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Oblivion is an incredibly good game. It does precisely what it sets out to do. There are a few little quibbles, of course – there always are. But in the long run, I don’t think I’m stretching my neck out too far by suggesting that it’s among the finest RPGs of all time.

See, the thing that makes Oblivion so great is that the designers have created a game world and thrown the doors wide open. “Do what thou wilst!” they appeareth to say. There are towns where you can buy new weapons and armour; taverns and castles where you can overhear rumours that send you off on new adventures and ruins and caves filled with monsters to heroically murder and rob. So your typical RPG tropes. And that’s really what you get. If you’re looking for intricate, novel ideas, you’re going to come up with precious little here. But what it lacks in originality it makes up for in consistency and depth. There’s loads to do all the time, and the simple-yet-elegant quest system makes it easy to keep track of what’s going on.

But on to those quibbles I mentioned.
The voice acting is, for the most part, dire. Everyone in the kingdom seems to have one of about four or five voices – and I know voice actors cost money (and no doubt most of the budget was splashed on the gorgeous, gorgeous graphics), but just a little more variety would have really gone a long way toward helping with the suspension of disbelief. It’s a small complaint though, because most of the time you’re playing Oblivion you’re there – riding your horse over a verdant meadow to emerge on the banks of a river just in time to witness a dramatic sunrise. Creeping around in the shadowy corner of a goblin-infested ruin, so close to the scaly brutes that you can hear their mutterings… Oh my. It really does get you.

Let me emphasise my next point by using the time-honoured method of repeatedly using the word ‘really’: In an RPG such as this, the game mechanics are really, really, really important. I don’t just mean the user-interface (although this is important, and is a something of a weakness in Oblivion). I mean the game ‘rules’ that govern what you can do and how you do it. Let’s look at magic items. Every hero in a fantasy game’s got to have a magic sword, right? A couple of levels into any RPG and you’ll soon find that your mundane sword just can’t keep up, no matter how shiny it is. Oblivion’s got a ton of magic items, as you’d expect, and even lets you make your own (in keeping with its ‘go anywhere, do anything’ ethos). BUT every magic weapon has ‘charges’. No charges, no special magical effect. Which means literally hours of game time spent managing an extremely fiddly and frankly unnecessary round robin of specific magic spells and inventory management to keep all your magic weapons working. Hours of game time spent waiting for the fun to come back. Whoever in the design team decided that this was the way to go was WHOLLY WRONG. It’s that simple. It’s too fiddly, and you get through charges too fast.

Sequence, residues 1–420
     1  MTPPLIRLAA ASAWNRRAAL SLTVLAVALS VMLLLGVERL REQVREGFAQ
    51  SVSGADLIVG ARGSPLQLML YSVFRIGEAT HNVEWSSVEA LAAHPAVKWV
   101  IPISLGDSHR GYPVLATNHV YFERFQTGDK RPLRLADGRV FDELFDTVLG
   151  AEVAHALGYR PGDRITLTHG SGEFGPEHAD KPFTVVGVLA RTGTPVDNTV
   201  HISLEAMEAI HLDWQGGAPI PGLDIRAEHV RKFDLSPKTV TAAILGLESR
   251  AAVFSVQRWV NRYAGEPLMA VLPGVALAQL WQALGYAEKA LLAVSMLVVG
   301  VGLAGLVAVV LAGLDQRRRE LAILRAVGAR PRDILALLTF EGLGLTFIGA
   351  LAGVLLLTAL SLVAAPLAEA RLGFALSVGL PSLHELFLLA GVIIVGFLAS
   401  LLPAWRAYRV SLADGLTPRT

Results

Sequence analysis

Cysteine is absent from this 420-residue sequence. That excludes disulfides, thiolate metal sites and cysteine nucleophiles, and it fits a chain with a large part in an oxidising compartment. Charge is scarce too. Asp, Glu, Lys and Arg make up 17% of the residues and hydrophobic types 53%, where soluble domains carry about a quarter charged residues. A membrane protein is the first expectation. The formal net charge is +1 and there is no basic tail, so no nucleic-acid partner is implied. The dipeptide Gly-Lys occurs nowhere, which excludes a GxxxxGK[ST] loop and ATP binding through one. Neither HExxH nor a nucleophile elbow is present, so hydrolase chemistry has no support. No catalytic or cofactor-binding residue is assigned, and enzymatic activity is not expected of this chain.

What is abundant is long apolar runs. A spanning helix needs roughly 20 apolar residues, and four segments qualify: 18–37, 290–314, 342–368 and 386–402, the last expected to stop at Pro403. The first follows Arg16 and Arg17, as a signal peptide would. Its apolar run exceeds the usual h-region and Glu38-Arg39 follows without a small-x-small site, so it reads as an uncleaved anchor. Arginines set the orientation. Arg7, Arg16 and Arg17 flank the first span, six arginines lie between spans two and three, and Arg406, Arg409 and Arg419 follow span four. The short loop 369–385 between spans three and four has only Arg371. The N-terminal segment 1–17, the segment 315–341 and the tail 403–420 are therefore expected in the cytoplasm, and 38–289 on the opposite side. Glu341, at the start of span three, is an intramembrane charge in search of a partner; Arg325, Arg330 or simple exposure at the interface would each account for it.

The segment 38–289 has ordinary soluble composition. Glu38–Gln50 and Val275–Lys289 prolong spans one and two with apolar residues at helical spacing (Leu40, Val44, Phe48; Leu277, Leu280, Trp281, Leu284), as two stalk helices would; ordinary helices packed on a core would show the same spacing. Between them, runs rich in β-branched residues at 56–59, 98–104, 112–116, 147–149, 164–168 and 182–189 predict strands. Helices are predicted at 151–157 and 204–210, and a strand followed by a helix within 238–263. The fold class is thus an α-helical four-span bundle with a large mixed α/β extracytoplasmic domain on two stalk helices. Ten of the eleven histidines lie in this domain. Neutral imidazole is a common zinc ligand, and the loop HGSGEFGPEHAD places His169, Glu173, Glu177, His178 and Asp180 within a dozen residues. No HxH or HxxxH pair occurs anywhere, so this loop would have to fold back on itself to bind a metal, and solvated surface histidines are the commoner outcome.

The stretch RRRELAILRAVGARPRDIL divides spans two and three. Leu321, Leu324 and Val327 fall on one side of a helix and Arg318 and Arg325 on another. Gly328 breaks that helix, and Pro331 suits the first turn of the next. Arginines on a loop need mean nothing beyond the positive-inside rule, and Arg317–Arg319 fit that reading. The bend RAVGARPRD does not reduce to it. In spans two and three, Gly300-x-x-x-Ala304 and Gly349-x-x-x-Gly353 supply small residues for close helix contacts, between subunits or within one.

And another thing. Not only does the game level the monsters up as you increase in level (leading to a predictability in near enough EVERY combat), the levelling system itself is horrendously awkward. Without going into too much detail, suffice to say that you’re rewarded for not only micromanaging your activities but also doing a little bit of everything. Which sounds fun, right? Well, it does mean your barbarian character will spend a load of time casting illusion spells and your wizard character will be picking locks just in order to keep up with the game curve, whether you like it or not. HOW IS THIS FUN?

The thing is, there is a lot of fun to be had immersing yourself into a game world. Game balance, as we all know, is a difficult thing to perfect, but in order to keep things going the way they should it’s more important to keep the player involved in the world, having fun. Struggling to remember how many of your non-class skills, with agility as their governing stat, have levelled since your overall level increased… well, it’s not as fun as fighting orcs, now, is it?

Let me stress that these are QUIBBLES, not full-blown GRIPES. The whole freedom of choice idea behind the game has enabled an army of modders to fix anything they don’t like (but a word of warning – mods are sometimes a little ropey, and Oblivion is no exception). There are mods to fix pretty much any of my little problems with it – thanks, general public! Let me finish by giving my esteemed Chopps a comradely slap on the back and declare that I proudly agree with his enthusing. ‘Bliv is a superfly way to waste hundreds of hours.